Linked by Thom Holwerda on Tue 12th Jun 2007 19:46 UTC, submitted by Dale Smoker
Legal Internet search leader Google is trying to convince federal and state authorities that Microsoft's Vista operating system is stifling competition as the high-tech heavyweights wrestle for the allegiance of personal computer users. In a 49-page document filed April 18 with the U.S. Justice Department and state attorneys general, Google alleged that the latest version of Microsoft's Windows operating system impairs the performance of 'desktop search' programs that find data stored on a computer's hard drive. Besides bogging down competing programs, Google alleged Microsoft had made it too complicated to turn off the desktop search feature built into Vista.
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RE[9]: Disreputable
by google_ninja on Thu 14th Jun 2007 04:56 UTC in reply to "RE[8]: Disreputable"
Member since:

I agree with regulating markets, but the only reason google search existed in the first place was because of a lack of the functionality in windows. Now that the functionality is there, there is no need to use what was quite honestly, a pretty shoddy product that cause alot more problems then it solved.

Google is probably starting to wake up and realise that even with OEM bundling, they are still having a hard time getting their software on peoples machines. Now they want to pass the buck to MS by blaming the big bad monopoly for their lack of marketshare.

Removing all indexed locations is quite easily done from the control panel if users dont want to use MS search. While this does leave the process in ram, it weighs in at 4.8 megs, and it doesnt do anything if there is nothing to index.

Not only that, if google seriously wanted to compete, all they would have to do is disable the Windows Search process, that is very clearly named and not artificially embedded into the OS (like IE was).

On mac, pre spotlight there was a product called quicksilver that did part of what spotlight does now. Instead of sueing apple, quickilver instead changed their focus to augmenting spotlight, and providing a quality product. I agree that MS should not be allowed to leverage their monopoly to gain an unfair advantage, through access to undocumented APIs like in office, or through deliberate obfuscation of their standards to prevent inter-operability. However, offering a half assed search that makes the quarted assed search providers obsolete is not that. There is so much room for improvement on Windows Search, if Google even gave us something as simple as tagging im sure most vista users would have it installed in a heartbeat. But instead they sue.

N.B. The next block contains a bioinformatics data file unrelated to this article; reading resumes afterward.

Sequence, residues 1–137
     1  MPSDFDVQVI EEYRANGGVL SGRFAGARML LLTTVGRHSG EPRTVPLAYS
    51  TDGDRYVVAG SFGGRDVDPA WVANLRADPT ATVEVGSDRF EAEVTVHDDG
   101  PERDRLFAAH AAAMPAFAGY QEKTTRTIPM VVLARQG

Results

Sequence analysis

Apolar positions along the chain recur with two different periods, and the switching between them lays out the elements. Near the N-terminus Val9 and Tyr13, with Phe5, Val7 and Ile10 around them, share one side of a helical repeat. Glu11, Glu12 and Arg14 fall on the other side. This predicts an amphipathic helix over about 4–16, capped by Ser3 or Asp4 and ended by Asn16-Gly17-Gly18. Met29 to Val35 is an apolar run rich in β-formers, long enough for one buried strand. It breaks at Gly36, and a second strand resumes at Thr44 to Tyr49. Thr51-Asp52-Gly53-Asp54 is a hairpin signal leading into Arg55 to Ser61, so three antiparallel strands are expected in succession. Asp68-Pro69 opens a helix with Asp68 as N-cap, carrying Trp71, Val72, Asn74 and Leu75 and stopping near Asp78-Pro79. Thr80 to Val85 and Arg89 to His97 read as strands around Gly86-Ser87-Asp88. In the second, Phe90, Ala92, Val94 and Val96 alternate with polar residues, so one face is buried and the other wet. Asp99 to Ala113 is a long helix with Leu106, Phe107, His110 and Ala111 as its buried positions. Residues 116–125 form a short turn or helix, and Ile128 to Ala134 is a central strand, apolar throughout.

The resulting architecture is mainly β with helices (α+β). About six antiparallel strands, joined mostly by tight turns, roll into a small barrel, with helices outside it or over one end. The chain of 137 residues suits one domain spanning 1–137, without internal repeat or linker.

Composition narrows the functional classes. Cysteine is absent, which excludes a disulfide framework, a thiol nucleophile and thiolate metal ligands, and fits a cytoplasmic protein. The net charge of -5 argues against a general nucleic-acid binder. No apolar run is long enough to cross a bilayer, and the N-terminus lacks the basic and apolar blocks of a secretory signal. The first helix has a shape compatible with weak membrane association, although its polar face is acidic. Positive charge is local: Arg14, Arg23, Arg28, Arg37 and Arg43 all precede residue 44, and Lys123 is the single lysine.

Reply Parent Score: 1

RE[10]: Disreputable
by archiesteel on Thu 14th Jun 2007 06:04 in reply to "RE[9]: Disreputable"
archiesteel Member since:

You raise some good points. I myself do not use GDS, so I cannot comment on its quality. As I've said before, I'm not convinced Google has a case, but I do think it's premature to dismiss it off-hand.

Frankly, I did not expect that such a neutral, reasonable position would draw so much fire from the usual almost feel like a concerted effort. Almost.

Anyway, thanks for the comment. The only place where I might disagree is when you say "But instead they sue." The fact that they're suing doesn't necessarily mean they don't plan on improving GDS. There's no reason they shouldn't do both, if they do feel like they have a case *and* want to offer a better product.

Reply Parent Score: 2